When a stranger reached out to Dulce Volantin with an offer of financial help, she was initially skeptical. However, her life and that of her partner, Valarie Zayas, were at a precarious juncture. They were renting a bed in a dormitory-style living arrangement on Venice Beach, Los Angeles, having met in prison years earlier and found love after escaping involvement with gangs. Dulce’s battle with mental illness had led to hospitalizations, while Valarie juggled temporary jobs to supplement Dulce’s disability aid.

Their journey had included sleeping in their car, staying with family for an extended period, and resorting to donating plasma and selling clothes to afford motels. But on the seventh day, they found themselves with nothing in their pockets. Against her initial doubts, Dulce returned the stranger’s phone call, which turned out to be a genuine and life-changing offer. The call was from the Los Angeles County Department of Health Services, part of a unique experiment aimed at curbing homelessness, which continues to rise despite substantial spending.

Los Angeles, while housing more people than ever and constructing additional low-income housing, struggles to keep pace with the escalating numbers of people finding themselves in cars, tents, or shelters. The county initiated a pilot program that employs artificial intelligence (AI) to predict who is most at risk of becoming homeless, enabling timely intervention. The program gathers data from seven county agencies, including emergency room visits, mental health crisis care, substance abuse disorder diagnoses, arrests, and public benefits sign-ups. Using machine learning, it identifies individuals at the highest risk of losing their homes who are not part of other prevention programs.

Dana Vanderford, who leads the department’s Homelessness Prevention unit, explains that many clients have a deep mistrust of systems due to generational trauma, making them unlikely to seek help. To address this, the program assigns 16 case managers to reach out to individuals on the high-risk lists through letters and phone calls.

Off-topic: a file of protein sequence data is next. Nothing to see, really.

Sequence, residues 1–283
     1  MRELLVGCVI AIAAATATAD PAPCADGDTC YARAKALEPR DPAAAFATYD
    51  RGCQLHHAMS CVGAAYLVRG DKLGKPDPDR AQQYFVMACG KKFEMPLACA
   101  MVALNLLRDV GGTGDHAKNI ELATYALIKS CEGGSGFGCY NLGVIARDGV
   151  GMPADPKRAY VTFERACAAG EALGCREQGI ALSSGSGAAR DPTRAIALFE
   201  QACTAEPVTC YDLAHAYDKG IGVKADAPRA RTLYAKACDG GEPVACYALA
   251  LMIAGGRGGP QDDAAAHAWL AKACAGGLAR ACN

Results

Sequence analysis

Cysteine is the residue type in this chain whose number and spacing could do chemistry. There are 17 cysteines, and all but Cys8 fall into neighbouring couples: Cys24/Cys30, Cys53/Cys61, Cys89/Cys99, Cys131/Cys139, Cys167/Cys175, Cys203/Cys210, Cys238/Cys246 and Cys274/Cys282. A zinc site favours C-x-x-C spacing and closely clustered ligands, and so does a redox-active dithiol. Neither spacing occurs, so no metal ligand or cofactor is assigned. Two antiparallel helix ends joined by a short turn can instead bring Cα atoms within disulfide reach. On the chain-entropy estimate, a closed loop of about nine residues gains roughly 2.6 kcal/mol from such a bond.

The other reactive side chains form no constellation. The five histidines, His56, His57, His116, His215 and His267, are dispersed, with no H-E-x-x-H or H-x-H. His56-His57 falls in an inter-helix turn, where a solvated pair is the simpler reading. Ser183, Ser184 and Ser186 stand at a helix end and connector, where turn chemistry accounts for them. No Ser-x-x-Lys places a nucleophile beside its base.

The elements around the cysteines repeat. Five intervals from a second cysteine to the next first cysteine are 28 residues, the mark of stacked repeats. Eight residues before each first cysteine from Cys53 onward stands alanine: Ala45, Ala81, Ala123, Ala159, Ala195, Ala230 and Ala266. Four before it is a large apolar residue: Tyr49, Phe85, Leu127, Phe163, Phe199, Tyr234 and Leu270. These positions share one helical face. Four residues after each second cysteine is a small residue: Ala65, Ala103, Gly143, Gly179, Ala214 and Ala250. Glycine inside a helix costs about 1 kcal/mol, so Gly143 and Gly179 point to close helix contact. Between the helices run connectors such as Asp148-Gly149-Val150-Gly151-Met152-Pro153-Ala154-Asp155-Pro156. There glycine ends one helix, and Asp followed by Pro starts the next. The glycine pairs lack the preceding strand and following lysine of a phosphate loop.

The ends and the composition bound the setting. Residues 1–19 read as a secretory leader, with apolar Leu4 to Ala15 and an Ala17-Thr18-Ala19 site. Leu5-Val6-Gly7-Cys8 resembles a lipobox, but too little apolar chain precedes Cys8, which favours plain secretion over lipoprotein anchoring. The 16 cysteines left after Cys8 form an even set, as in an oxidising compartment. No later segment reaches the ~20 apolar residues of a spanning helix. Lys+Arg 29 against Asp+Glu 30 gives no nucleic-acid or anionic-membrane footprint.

However, reaching people can be challenging, as contact information often changes when lives are unstable. Some individuals may be facing eviction or dealing with domestic violence. Others may already have lost their housing, disqualifying them from the prevention program. Additionally, skepticism among potential recipients can lead to a reluctance to accept assistance. The program often has to make multiple attempts to connect with individuals.

Despite these challenges, the program aims to provide case management and financial aid to help those at risk of homelessness. Case managers work with clients for four to six months, assisting in the allocation of aid ranging from $4,000 to $6,000, which does not require repayment. The funds are typically directed toward rent, utilities, groceries, or other monthly expenses to prevent jeopardizing public benefits.

While housing assistance is a common need, case managers consider the specific circumstances of each individual. They have used the funds for various purposes, including paying off payday loan debt, purchasing appliances, laptops, and even e-bikes for individuals with mobility challenges.

The program addresses immediate concerns while also assessing living conditions and overall stability to ensure that individuals are equipped to thrive in their homes. Despite the challenges, the program strives to make a lasting difference in people’s lives.

Ricky Brown, a 65-year-old retired handyman, is one such client in the prevention program. He went on disability after a back injury and was barely making ends meet in a one-bedroom apartment. Following his ex-wife’s sudden passing, he took in his three grandsons, straining his finances further. Case manager Fred Theus helps him plan, identifying needs such as car repairs, overdue rent and utilities, and restoring food aid for the boys. The program aims to secure a two-bedroom place for them to create a safe and suitable living environment. However, housing vouchers are in high demand, and securing one is no guarantee.

The program has worked with 560 people in just over two years, with data showing that the majority have remained housed. A formal long-term study is underway to determine the program’s effectiveness and whether it targets the right individuals who would otherwise become homeless. The study results are expected in 2026, coinciding with the program’s funding expiration. If successful, the program could serve as a model to prevent homelessness and provide much-needed evidence of effective interventions.

Preventing homelessness is a complex challenge, and Los Angeles’ proactive approach may offer insights into effectively addressing the issue. While housing vouchers have shown success in keeping families housed, targeting those at the highest risk for homelessness may yield the most significant impact.

For Dulce Volantin and Valarie Zayas, the program has been life-changing. They secured a subsidized apartment with on-site case management, providing stability and support for Dulce’s mental health needs. The newfound stability also enabled Valarie to secure a good job with the transit system. Their journey from skepticism to stability highlights the potential of innovative programs like this to make a meaningful difference in the lives of those at risk of homelessness.

By Impact Lab